Linden was probably the only one of the Creggan poets who was given an unusual mark of recognition outside the circle of Gaelic scribes before the end of the 18th century. In 1791 Charlotte Brooke published her Reliques of Irish poetry and included one of his love-songs `Inion tais na mbanchioch is ailne na laeig i bhfuacht' with her own translation into English. The latter is really not a translation but a new poem of fifteen quatrains in the current romantic mode incorporating some of the ideas of the original. From Charlotte Brooke's collection the poem found its way into southern manuscripts. Another of Linden's poems 'Angelical maid, id'dhiaidh ni fada me beo was printed in J. C. Walker's Historical Memoirs of the Irish Bards (1786).

Mac Alinden seems to have lived during the latter part of his life in the townland of Slieve, Parish of Faughart (?). He is reputed to have presided over poetry sessions held on Killen Hill, Or-Chnoc Chein Mhic Cainte. He died in 1733 and was buried in Creggan churchyard. No stone marks his grave and the actual spot is unknown. He was survived by a son and a daughter. The son Patrick was, like his father, a well-known harper. He is possibly the same Patrick Lyndon whom the famous harper Art O'Neill tried to persuade to attend the Belfast Harpers' Festival in 1792, though the dates are not easily reconcilable. Art gave him a suit of clothes for the journey, but Lyndon was so delighted with the transformation that he went to show himself to the neighbours and could not be found when O'Neill was ready to depart. Bunting's collection of Irish music names some tunes which he got from Patrick Lyndon in Newtownhamilton in 1802, presumably the same individual. In the next generation a Patrick Lyndon was schoolmaster in Creggan and taught the classics as well as the three Rs.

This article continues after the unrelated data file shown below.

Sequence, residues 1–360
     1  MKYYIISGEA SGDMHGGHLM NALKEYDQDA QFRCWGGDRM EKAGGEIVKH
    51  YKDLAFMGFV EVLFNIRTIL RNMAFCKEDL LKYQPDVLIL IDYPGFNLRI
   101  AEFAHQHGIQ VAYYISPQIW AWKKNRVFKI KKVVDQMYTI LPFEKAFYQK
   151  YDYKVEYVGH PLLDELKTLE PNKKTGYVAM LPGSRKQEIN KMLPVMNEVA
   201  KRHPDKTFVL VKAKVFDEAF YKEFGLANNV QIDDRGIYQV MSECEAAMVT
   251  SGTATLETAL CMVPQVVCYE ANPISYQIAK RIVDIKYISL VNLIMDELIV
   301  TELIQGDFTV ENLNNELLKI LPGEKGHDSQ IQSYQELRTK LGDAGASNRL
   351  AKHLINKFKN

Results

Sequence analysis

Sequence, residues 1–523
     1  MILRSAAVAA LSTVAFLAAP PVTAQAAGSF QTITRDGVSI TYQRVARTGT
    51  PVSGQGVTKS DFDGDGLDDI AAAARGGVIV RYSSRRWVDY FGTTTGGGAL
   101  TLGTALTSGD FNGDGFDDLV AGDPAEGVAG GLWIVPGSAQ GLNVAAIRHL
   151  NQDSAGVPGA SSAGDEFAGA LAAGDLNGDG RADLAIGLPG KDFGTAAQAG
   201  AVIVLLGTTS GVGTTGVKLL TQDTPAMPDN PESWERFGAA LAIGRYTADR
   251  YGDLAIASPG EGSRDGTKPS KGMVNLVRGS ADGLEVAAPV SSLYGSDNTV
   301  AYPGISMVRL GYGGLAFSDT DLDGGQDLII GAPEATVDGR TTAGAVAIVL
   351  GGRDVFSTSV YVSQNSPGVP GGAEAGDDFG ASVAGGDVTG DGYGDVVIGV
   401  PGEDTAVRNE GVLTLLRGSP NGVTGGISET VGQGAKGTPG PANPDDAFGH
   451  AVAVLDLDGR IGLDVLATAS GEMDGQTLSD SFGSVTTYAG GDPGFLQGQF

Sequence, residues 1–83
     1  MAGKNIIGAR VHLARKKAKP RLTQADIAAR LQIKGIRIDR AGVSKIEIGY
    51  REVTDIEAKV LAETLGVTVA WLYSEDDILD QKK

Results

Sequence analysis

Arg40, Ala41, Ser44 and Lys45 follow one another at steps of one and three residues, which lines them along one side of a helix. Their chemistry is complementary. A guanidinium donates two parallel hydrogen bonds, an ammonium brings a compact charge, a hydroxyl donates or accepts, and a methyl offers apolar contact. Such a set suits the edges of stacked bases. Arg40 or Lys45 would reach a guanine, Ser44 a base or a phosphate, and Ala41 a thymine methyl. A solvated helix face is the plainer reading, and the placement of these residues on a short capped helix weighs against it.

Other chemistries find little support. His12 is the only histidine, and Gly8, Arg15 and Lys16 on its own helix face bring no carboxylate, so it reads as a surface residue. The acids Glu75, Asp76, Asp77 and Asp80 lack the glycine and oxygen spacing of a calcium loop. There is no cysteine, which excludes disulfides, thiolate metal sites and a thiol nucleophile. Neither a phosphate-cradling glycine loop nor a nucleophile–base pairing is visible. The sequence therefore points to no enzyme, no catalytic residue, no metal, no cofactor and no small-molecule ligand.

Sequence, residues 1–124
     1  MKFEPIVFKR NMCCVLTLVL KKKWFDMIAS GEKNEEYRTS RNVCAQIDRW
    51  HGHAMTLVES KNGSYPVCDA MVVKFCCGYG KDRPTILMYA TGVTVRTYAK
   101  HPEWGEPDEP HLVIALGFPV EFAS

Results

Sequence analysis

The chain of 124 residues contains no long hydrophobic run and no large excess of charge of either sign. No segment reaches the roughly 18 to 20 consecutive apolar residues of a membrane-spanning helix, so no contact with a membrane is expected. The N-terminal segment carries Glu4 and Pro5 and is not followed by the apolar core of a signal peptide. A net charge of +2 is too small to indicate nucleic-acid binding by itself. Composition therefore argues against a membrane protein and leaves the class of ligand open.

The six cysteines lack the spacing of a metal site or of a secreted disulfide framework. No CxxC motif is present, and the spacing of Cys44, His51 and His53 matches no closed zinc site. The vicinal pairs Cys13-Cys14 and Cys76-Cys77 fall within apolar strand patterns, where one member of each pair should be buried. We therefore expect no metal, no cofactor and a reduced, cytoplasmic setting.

Lyndon's daughter, Molly or Maire, was a poetess in her own right. O'Kearney attributes to her such well-known songs as Coillte Glasa an Triucha (The Green Woods of Truagh) and Dealramh an Lae (The Dawning of the Day). She composed a long welcome to Joseph Plunkett, of the Rocksavage (near Iniskeen) family, on his coming to live in Slieve about 1755 and an even longer elegy after his death in 1771. A few other compositions by her still lie unpublished in the Mss.

When Lyndon died in 1733 his grave-lay was composd by another Creggan poet, Fergus Mac Bheatha (McVeagh). Several Mac Veagh families figure in the 1766 population list of Creggan but the poet probably belonged to the one which lived in Carron. This family had a reputation for Irish learning. It is possible that the Emunn occ McBheatha who signed his name on the front page of T.C.D. Ms. H.4.25 also belonged to this family, as the Ms shows a particular interest in the O'Neills of the Fews. Mac Bheatha was the name borne by a great Irish medical family of the latter medieval centuries, and one is not surprised therefore to find the obits of three medical men of the name of McVeagh on a tombstone in Creggan dating from the 18th century. One of them, who died in 1784, was named Fergus, and while his youth rules out the possibility that he was identical with the Gaelic poet, he was probably his nephew or grandnephew.